We were split up into two groups and went our separate ways to meet our host families. Eight of us arrived at the tiny pink house we would be calling home for the next six days, and smiles lit up on all of our faces. Our host mother, Olga, welcomed us with a warm smile. She did not speak English, however, so it was difficult conversing with her. We were assigned our new roommates and immediately sat down for dinner. Being the picky eater that I am, I had to force feed myself the mysterious meal. After dinner we met up with the other group and toured the island. Stray animals, dirt roads, small buildings, bicycles, greasy foods, and crude men surrounded me, and I could not have been happier. As we walked by the beach, cameras appeared in everyone’s hands as pictures were being snapped continuously. We were told that the next six days would be focused on community service and observing marine life through snorkeling. During our stay on Isabela Island, we worked at a place called Campo Duro. We helped care for and protect rescued tortoises. I learned all about tortoises and the wildlife in Galapagos. Not only did we participate in teen volunteer programs, but we also snorkeled with Orchid whales, White-tipped Reef sharks, marine turtles, fish, manta rays, and sea lions. Terrified of everything that lives in the ocean, I was very doubtful about snorkeling. Finally, I decided to be brave and put my head underwater. Once I did, I could not leave. Beautiful fish with red, yellow, orange, and blue swam all around me as curious about me as I was about them. Manta rays were zooming through the water flipping through the air on occasion. I had never seen such a beautiful environment. The next six days were like heaven on Earth. Sadly, our stay on Isabela had to come to an end. We packed up our suitcases, said goodbye to Olga, and made our way to our new destination, Santa Cruz.
Although leaving Isabela was depressing for the entire group, everyone was excited to experience life on a different island. The trip from Isabela to Santa Cruz consisted only of a three-hour boat ride; therefore, we had the entire day to explore. As we arrived to the island, we met our new host mom, America, and settled in to our new home. We visited Lonesome George, the only tortoise left of his kind, and then traveled around Santa Cruz. Even though Santa Cruz was beautiful, it could not even be compared to Isabela. The new island was much more modernized in the sense that it had paved roads, well-constructed buildings, and fancy restaurants. We snorkeled, cliff jumped, tried unusual foods, and enjoyed the beautiful beaches during our stay. Finally, the four days were up and we were on our way back to Quito, Ecuador.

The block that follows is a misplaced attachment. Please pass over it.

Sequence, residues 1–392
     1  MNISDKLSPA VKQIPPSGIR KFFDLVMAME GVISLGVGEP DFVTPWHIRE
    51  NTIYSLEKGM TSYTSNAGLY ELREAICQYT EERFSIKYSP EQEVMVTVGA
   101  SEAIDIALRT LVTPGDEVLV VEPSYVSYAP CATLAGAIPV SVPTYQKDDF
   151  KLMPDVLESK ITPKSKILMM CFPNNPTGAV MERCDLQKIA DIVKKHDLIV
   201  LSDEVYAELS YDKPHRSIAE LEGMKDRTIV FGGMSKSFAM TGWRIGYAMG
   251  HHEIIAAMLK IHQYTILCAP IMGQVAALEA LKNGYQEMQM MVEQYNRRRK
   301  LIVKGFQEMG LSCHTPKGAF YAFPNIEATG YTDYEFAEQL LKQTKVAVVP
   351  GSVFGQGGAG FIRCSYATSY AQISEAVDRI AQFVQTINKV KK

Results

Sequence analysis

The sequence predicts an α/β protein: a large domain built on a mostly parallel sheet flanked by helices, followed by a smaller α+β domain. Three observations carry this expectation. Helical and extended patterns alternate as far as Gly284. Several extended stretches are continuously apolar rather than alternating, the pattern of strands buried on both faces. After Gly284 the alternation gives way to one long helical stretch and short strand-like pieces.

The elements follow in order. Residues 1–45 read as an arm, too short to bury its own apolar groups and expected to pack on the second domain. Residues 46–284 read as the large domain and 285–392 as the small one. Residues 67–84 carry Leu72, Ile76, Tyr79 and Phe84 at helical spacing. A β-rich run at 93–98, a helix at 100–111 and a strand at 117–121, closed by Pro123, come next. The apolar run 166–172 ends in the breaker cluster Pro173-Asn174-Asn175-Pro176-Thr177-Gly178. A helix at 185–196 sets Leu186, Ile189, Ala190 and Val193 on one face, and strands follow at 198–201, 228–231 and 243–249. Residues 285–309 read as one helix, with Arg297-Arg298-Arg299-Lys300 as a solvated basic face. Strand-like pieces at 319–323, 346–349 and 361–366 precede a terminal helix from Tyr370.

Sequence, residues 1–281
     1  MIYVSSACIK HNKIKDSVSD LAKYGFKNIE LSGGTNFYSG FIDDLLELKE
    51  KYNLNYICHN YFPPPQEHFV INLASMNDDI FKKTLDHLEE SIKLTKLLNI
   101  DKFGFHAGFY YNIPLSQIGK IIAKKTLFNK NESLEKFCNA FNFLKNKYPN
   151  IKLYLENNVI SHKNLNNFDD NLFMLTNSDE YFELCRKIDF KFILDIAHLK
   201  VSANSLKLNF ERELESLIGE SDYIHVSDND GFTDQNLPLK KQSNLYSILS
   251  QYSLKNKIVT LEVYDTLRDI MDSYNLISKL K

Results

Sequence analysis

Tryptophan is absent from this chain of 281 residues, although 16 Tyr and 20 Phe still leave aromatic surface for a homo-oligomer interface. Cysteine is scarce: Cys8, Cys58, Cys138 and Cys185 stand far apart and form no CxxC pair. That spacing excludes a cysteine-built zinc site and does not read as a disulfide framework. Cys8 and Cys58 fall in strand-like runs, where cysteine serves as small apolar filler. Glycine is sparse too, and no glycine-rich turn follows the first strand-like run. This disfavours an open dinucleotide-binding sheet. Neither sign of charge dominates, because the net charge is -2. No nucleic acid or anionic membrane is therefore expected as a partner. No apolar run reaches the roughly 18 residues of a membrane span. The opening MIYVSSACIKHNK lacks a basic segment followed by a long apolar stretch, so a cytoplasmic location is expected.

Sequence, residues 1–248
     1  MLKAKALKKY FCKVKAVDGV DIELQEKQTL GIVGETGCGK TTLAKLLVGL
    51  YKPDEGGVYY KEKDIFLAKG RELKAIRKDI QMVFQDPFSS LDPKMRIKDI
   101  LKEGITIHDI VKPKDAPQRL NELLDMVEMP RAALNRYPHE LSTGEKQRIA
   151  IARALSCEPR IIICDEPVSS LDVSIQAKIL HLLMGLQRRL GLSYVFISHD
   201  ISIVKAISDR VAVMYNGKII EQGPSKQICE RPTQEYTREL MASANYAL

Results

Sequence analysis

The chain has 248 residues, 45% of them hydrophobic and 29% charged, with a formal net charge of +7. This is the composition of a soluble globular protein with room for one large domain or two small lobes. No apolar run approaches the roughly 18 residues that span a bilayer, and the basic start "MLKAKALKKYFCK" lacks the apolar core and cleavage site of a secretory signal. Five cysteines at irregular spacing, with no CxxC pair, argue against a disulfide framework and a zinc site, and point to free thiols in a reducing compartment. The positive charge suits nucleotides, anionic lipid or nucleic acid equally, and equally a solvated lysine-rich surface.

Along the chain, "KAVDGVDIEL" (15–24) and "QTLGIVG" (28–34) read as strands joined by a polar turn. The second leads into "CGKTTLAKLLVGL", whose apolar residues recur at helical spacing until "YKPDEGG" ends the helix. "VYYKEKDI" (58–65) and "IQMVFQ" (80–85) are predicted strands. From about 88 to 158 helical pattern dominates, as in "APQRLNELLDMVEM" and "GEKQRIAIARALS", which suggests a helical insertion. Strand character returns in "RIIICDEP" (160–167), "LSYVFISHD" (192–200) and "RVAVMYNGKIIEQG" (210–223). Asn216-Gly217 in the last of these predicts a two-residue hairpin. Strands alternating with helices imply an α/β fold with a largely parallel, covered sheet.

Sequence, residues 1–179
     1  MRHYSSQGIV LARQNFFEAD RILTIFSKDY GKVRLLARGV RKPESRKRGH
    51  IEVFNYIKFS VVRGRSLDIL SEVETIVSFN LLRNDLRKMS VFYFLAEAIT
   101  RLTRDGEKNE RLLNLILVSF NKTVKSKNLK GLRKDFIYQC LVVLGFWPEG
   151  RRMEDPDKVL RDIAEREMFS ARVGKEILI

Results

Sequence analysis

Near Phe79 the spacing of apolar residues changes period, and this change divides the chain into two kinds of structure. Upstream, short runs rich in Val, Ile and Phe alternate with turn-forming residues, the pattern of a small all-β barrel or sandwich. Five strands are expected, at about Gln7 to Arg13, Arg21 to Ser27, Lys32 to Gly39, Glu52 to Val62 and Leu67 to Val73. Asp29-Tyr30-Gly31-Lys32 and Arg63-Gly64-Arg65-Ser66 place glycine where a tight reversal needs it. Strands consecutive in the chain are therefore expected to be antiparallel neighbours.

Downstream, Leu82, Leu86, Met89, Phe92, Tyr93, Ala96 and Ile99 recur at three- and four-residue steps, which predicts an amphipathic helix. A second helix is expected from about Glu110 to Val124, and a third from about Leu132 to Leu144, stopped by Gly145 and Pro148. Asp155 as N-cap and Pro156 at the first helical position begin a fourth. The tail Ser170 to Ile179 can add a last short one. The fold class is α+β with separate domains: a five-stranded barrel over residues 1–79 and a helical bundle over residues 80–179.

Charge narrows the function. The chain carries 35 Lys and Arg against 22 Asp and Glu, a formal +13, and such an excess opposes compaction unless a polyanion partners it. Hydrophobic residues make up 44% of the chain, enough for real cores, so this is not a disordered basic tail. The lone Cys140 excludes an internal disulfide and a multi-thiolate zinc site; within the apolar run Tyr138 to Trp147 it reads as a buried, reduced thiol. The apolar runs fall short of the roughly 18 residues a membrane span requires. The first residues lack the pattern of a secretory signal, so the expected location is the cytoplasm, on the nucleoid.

Our final two days in Quito were depressing, yet we all became closer than we ever were. We went to more open-air markets, enjoyed the beautiful scenery of Quito, and visited the Equator. The last night everyone exchanged phone numbers, E-mail addresses, and Facebook names and went to sleep early. The next morning everyone went to the airport in organized groups. David, Noah, and I were at the airport at 6:30 A.M. We walked through customs and security together and said our goodbyes. I arrived at Miami Airport to find my mother jumping up and down in excitement to see me. Before I could get a word out, the questions began. “Were the people nice?” “How was the counselor?” “Were the islands beautiful?” “Which island was your favorite?” I told her I would show her pictures and answer all her questions soon enough, but first I needed a warm shower and a nice nap in my familiar bed. Although I missed my dogs, friends, and family, going to the Galapagos Islands changed my perspective on life forever. After visiting a third world country, I cherish everything in my life. I will always remember the memories of Galapagos and the people I shared them with, and no other place in the world could ever compare to it.